Background and Objectives On May 12, 2008, a severe earthquake hit Sichuan province in China. A post-earthquake survey was conducted to study the earthquake's effect on blood donor behaviour and stress at three blood centres at varying distances from the epicentre. Materials and Methods A questionnaire was developed to assess donor post-traumatic stress disorders (PTSD) and attitudes toward giving blood. Responses were compared by centre and donor characteristics using multivariate logistic regression techniques. Results Of all 17 456 donors, the overall prevalence of PTSD was 13·2%. Donors who knew someone killed or injured by the earthquake were 2·1 times more likely to have PTSD than others (95% CI: 1·8-2·4). 85·2% of donors cited the earthquake as their reason for donating. 16·1% of donors felt it acceptable to be less honest about one's health history in an emergency. After adjusting for PTSD, geographic and demographic characteristics, the donors knowing someone killed or injured by the earthquake were 1·4 times (95% CI: 1·2-1·7) more likely to cite the earthquake as reason for donating, and 1·8 times (95% CI: 1·5-2·1) more likely to accept being less honest about one's health history in case of national emergency. Conclusions The psychological and behavioural impacts of the earthquake on blood donors extended far from the epicentre. After a disaster, it is important to emphasize that donors must be truthful on the donor questionnaire as some donors appear willing to be less than honest when they perceive an increased need for blood products.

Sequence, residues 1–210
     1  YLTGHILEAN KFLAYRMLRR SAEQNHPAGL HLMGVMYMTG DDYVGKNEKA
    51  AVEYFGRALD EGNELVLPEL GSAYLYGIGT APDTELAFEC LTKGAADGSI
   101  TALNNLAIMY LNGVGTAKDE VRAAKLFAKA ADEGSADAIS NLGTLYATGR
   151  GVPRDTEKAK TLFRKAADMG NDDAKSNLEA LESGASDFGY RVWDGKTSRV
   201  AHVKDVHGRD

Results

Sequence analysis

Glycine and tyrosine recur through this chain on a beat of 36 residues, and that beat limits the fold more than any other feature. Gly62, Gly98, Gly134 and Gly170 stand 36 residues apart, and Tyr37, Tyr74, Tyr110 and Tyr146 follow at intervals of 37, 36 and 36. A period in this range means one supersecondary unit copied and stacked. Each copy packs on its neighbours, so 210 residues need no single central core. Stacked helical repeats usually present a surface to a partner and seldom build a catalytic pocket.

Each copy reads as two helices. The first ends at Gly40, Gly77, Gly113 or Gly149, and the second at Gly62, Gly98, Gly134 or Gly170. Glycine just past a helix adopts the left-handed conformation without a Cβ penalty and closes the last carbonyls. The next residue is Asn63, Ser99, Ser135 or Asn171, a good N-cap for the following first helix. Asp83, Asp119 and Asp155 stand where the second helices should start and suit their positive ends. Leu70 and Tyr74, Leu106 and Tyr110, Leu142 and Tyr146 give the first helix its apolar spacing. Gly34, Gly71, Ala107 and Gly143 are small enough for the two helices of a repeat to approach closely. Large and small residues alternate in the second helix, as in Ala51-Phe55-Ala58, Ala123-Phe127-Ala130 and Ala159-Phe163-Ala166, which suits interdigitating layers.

- donation behaviour
- post-traumatic stress disorders
ASJC Scopus subject areas